I've used hashes for a long time and had a general understanding of what they do... but that's about it. I knew I needed to hash passwords (and other secure data) if I was going to store them in my database... but that's about all.

I was never sure which algorithms to use nor why... so I dug in and found out. That's the first part of this video.

The second is asymmetric encryption: encoding with a public key and decoding with a second, private key. Absolutely ground-breaking idea! The math is amazingly straightforward too... although I will admit to struggling to explain some of it.

The Code

To produce a simple hash using Node:

const crypto = require("crypto");const hash = crypto.createHash("sha256").update("hi").digest("hex");console.log(hash);

Hashing a password with PBKDF2 using a million rounds to slow things down:

const crypto = require("crypto");const hashPassword = function(pw){  return new Promise(function(resolve, reject){    crypto.pbkdf2(pw,"super-secret-salt",1000000,32,"sha512", function(err, buffer){      if(err) reject(err);      else resolve(buffer.toString("hex"))    });  })}

Hashing using scrypt, assigning a cost:

const hashPassword = function(pw){  return new Promise(function(resolve, reject){    crypto.scrypt(pw,"super-secret-salt",32, {cost: 2**14}, function(err, buffer){      if(err) reject(err);      else resolve(buffer.toString("hex"))    });  })}

Creating a checksum using MD5:

const crypto = require("crypto");const fs = require("fs");const data = fs.readFileSync("./message.txt");const checksum = function(data){  return crypto.createHash("md5").update(data, "utf8").digest("hex")}console.log(checksum(data));

A super-simple mining operation (meant for demonstration only) for blockchain stuff:

const crypto = require("crypto");const createHash = (block) => {  //need to pass a string to our   const hashValue = JSON.stringify(block)  return crypto.createHash("sha256")  .update(hashValue)  .digest("base64");}const mine = (block, difficulty = 2) => {  let found = false, start = new Date().getTime();  //we're looking for a string of 0s so let's create the pattern  //I could use Regex but I'm not that good  const lookingFor = "0".padStart(difficulty, "0");  console.log("Looking for a hash starting with", lookingFor);  const duration = new Date().getTime() - start;  while(!found){    const possibleHash = createHash(block);      //does the hash start with zeroes?    found = possibleHash.substring(0, difficulty) === lookingFor;    if(found){      block.hashKey = possibleHash;      return block;    }    block.nonce += 1;    //10 second kill switch    if(duration > 10000) return "Didn't find it under 10s"  }}const block = {  transactions: [    {from: "me", to: "you", amount: 10.00},    {from: "you", to: "me", amount: 5.00}  ],  timestamp: 1609702546153, //if this changes the hash changes  nonce: 0,  previousKey: "00RSDThMVcQAvoocD3klO/6pjJ4a8pRbZ3ykk3XXhXE="}//let's see how long this takesconst start = new Date().getTime();//let's do it!const result = mine(block, 4);const duration = new Date().getTime() - start;console.log(`That took duration ${duration}ms`);console.log(result);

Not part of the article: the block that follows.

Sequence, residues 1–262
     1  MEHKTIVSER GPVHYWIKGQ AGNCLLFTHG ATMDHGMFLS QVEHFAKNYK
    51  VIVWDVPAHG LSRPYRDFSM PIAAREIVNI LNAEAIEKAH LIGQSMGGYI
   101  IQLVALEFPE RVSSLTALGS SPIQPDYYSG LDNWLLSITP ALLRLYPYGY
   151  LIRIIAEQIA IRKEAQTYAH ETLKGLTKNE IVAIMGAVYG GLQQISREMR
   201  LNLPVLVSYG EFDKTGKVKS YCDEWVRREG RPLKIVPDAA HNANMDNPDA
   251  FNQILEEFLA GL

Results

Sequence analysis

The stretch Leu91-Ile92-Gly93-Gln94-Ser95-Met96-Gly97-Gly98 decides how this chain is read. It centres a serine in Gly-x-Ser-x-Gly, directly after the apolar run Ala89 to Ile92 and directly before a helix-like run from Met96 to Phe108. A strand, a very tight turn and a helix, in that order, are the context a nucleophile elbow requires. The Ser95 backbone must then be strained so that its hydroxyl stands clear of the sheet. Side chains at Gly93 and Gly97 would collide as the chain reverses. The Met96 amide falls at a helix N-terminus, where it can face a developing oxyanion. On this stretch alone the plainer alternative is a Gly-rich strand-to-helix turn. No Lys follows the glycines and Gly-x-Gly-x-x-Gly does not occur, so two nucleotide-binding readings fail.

And finally, our trip through the basics of RSA using super small primes:

//resources//https://www.cs.drexel.edu/~jpopyack/IntroCS/HW/RSAWorksheet.html//https://www.cryptool.org/en/cto/highlights/rsa-step-by-step//let's find two relatively prime numbers, e and d, such that//e % d mod r === 1//this is the cornerstone of RSAvar findEandD = function(r) {  //These are common candidates for e, which can be autoset  //and typically 65537 is used, but we'll  //start small for speed  const possibleEs = [3n,5n,17n,257n,65537n]  //now, loop over the possible e's so we can find our d  for(let e of possibleEs){    //we want to find a coprime for e, so let's factor it    //up to r and see if e % r is 1    //if it is, we found our coprime    for (let d = 1n; d < r; d++) {      const candidate = e * d;      if (candidate % r == 1n) return {e: e, d: d};    }  }  assert.fail("We shouldn't reach this point")}const p = 499n;const q = 491n;assert.notStrictEqual(p,q, "p and q must be different primes");//our public key, Nconst N = p * q;//Euler's totient for deriving r//r = phi(n) = (p-1) * (q-1)const r = (p-1n) * (q-1n);//now we can calculate e and d for our private keyconst {e,d} = findEandD(r);//our messageconst M = 25n;console.log("e",e);console.log("d",d);console.log("N",N);console.log("r",r);console.log("M", M);//the RSA algorithmconst encrypted = M**e % N;const decrypted = encrypted**d % N;console.log("Encrypted",encrypted);console.log("Decrypted",decrypted);

I cite a number of articles in this video - hard not to. But here they are if you want to read more: